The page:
Kwanzaa is Coming….
No disrespect to Kwanzaa or Maulana Karenga or the people who created it and celebrate it, but fuck that noise. I’m tired of getting asked if I celebrate Kwanzaa by white folks who think it’s some type of ancient African tradition that reverberates through the Black cultural memory like Mufasa’s voice. I’m tired of having to fake enthusiasm when professors (and their fake enthusiasm) try to teach it in class, although they don’t understand or give a shit about it. I’m sick of the phrase “Christmahanakwanza” and I wish bad things upon the people who coined it. I hate Black people who walk around in dashikis and kufis and try to impress people with the “African” words they speak (and couldn’t name more than 2 languages or people in the whole continent). I’m tired of that. I’m annoyed with having to learn a bunch of words that all mean unity, ESPECIALLY the one that happens to fall on my birthday (how the fuck do you pronounce Kujichagulia?) I hate sitcoms and shows where the token black families/characters obligatorily celebrate it. And I’m tired of us acting like it’s some sort of ancient bridge towards “African” concepts of our birthplace and heritage.
Let’s get started by answering the obvious. What is Kwanzaa? Well it’s a week-long celebration of universal African-American heritage directly following Christmas (i.e. the 26th) which emphasizes one of seven different principles every day. There’s Umoja (unity), the aforementioned Kujichagulia (self-determination), Ujima (collective work and responsibility), Ujamaa (cooperative economics), Nia (purpose), Kuumba (creativity), and Imani (faith). Aside from spending days back-ordering all of the kente cloth available on Amazon, Kwanzaa is celebrated by feasting, gift giving, the lighting of Menorah-like candles, drinking from a common cup, and singing Kumbayah (I think). All of my research comes from the Proud Family, btw.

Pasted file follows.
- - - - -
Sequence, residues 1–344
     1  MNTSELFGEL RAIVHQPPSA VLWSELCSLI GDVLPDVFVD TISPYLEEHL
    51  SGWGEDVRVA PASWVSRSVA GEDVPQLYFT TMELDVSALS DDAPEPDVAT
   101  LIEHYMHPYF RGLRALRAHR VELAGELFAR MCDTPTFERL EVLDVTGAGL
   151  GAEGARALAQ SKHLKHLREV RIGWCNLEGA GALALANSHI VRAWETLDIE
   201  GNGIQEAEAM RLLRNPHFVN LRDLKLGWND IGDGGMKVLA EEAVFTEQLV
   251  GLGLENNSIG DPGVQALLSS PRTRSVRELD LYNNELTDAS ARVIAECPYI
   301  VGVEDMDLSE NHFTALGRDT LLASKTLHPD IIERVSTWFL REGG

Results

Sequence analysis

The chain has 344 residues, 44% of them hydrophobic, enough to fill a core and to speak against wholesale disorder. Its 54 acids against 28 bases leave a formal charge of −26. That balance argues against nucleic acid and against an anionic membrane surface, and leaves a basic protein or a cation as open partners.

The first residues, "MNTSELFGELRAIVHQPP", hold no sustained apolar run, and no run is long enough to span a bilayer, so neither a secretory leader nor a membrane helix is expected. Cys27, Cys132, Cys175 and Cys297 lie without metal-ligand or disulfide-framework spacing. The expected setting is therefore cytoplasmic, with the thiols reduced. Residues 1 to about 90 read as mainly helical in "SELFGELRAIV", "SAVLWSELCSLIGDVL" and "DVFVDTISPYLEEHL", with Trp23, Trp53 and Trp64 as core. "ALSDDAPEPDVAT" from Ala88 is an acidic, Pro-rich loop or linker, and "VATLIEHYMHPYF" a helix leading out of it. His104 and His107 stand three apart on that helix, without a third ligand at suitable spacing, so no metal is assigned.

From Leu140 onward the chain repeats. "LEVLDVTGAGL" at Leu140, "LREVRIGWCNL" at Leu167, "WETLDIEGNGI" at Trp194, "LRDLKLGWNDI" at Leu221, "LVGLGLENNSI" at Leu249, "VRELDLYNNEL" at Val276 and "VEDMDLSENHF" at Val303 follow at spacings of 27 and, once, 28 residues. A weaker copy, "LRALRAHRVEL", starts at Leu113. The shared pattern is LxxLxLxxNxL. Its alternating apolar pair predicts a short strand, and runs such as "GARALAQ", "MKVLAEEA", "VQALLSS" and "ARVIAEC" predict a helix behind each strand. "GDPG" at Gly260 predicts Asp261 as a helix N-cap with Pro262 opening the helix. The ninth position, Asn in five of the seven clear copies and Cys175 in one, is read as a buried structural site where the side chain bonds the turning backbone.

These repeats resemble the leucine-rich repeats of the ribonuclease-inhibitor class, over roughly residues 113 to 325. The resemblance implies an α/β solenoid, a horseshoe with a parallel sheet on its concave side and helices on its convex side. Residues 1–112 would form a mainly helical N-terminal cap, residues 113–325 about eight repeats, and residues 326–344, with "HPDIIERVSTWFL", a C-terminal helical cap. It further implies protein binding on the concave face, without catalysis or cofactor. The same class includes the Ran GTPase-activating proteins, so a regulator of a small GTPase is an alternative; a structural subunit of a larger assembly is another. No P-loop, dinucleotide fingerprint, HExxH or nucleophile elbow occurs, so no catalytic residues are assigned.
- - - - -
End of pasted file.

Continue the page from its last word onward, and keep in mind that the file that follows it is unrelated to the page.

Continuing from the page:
Kwanzaa was created in 1966 by Maulana Karenga and an offshoot branch of the Black Nationalist movement called the US Organization. That’s right, Kwanzaa is younger than my parents. The origins of the holiday are about as intriguing as they come. Although most Black folks now who celebrate it do so in addition to celebrating Christmas, it was intended as an alternative to Christmas. Karenga believed Christmas was a holiday meant for only white people (and Christianity a religion only for them) and that Jesus was a madman. Not quite the portrayal they give you about Umoja in elementary school. But as Kwanzaa gained more followers, of course Karenga changed his mind about that and said it wasn’t meant to replace existing celebrations. Karenga himself was at best a bit crazy and at most a bit murderous and torturous himself (although to be fair, so were many other Black Nationalist leaders, some of whom we have praised here before) and was in all versions of history, extremely paranoid and erratic. Guess that’s what happens when you’re a COINTELPRO target. But Kwanzaa seems to have been born more of his reactionary distancing from whites than from a desire to re-embrace African values and actually push the principles in the community.
Now I’m not knocking those who celebrate Kwanzaa. I think the world, and especially the Black community, would be better off if we really did embrace the values promoted by the holiday. I just hate the common assumption that because I’m Black, I celebrate it, know more about it than others, or have some sense of duty to celebrate it. And I think it’s another culprit in the Western/Colonialism-fueled notion that “Africa” is some vague concept of a place where everyone is pretty much the same pastoral dark people. I think a lot of African-American attempts to celebrate our past and culture celebrate this misguided concept of Africa rather than what it actually is. I’ve been to South Africa, Tanzania, Zimbabwe, and Senegal. Even within very small regions, Africa is not a monolith. There are similarities between a lot of people, but there are also differences as deep as you have with neighbors of different races or religions. I think Kwanzaa perpetuates this kind of neo-colonialist version of the “noble savage” theory with its distillation and misinterpretation of certain “African” customs and values. A more nuanced reading of our history and celebration thereof would do a lot more good.